Published Apr 20. 1995 - 21 years ago

Art flies | fly art

There are a couple of new pictures in this section. I have once again experimented with the unknown and hidden beauty in the flies and materials that we use - aspects that can be brought out through computer manipulation.

Please notice that this is a very old article dating back from 1995. Doing fly images has changed quite a bit since as you can read in this recent article, and considering 30 and 90 kilobyte images as large is a result of this article being written in an era where slow modems were the standard.

There are a couple of new pictures in this section. I have once again experimented with the unknown and hidden beauty in the flies and materials that we use - aspects that can be brought out through computer manipulation.

Humble experiments

On this page I present my humble experiments with flies and computers. I've tried getting pictures of flies into the computer in many ways including drawing them, scanning photos and scanning the flies themselves. Actually the last method is my preferred, and if I want to work in B/W I always scan the fly directly. If you want to know more about this method and the process of making the pictures, see below.

Large files

To see the pictures shown here in greater detail, click on the one you want. Please note the the pictures are quite large and detailed (500*500 pixels in 256 colors) and range from 30 KB to over 90 KB. Again, they can take some time to transfer, so have patience.

Fluo Umbrella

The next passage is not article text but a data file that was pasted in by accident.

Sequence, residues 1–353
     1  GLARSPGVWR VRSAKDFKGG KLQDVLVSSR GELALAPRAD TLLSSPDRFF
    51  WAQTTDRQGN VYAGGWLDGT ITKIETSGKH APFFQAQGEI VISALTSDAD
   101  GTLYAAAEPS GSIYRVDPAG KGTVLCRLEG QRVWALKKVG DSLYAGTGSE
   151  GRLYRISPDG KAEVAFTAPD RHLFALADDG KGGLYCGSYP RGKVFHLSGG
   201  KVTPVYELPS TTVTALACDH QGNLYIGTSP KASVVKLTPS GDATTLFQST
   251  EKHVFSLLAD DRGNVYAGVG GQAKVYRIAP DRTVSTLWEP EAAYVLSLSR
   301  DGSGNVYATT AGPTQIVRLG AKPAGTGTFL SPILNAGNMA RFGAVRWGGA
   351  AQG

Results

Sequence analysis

Caddis

9caddis

Weaver

Bartleet 2

Bartleet 1

Martin Joergensen

How you can get some very good fly pictures without using an expensive SLR camera or a macro lens.

The flat bed scanner is actually just a large format digital camera. It has a very little depth of sharpness, but on the other hand an absolutely accepable resolution. It will not compare to a good SLR with a slow slide film, but it can do some fine pictures of solid 3D objects - including flies.

Extremely simple

Actually scanning the flies is extremely simple. It came about as a result of a feeble try to get some rough photographs into some small booklets that I\'ve been making. I tried having prints made from slides because my scanner only handles reflection originals. They fell out very bad, and I didn\'t use them.
I also tried color prints, but never really was satisfied with the quality compared to slides.
So as a substitute I just put the flies in the scanner and... Eureka! It worked. And not only does it work, it actually looks very good.

Amazing results

The scans used for the Fly Art above are mostly scanned in 256 shades of gray and a resolution of 3-600 dpi, while many of the real flies are scanned in lower resolution and less levels of grey -- as low as 16.
The results can be amazing, but only in B/W. Colors go berserk because my scanner uses three lamps and this gives a very strange 3D, multicolor effect. But for my use this simple method has worked until now. Even heavily hackled flies and flies with lots of volume, beads, eyes etc. seem to go
though the squishing process very well.

Finishing off

Many of the scans have been edited, retouched or heavily manipulated in a photo editing program, of which I use Picture Publisher and sometimes LView Pro.
After this retouching the pictures can be finished, but sometimes I import them into Corel Draw for further work. In all cases I end up exporting them in the proper size and color depth for use in these pages.


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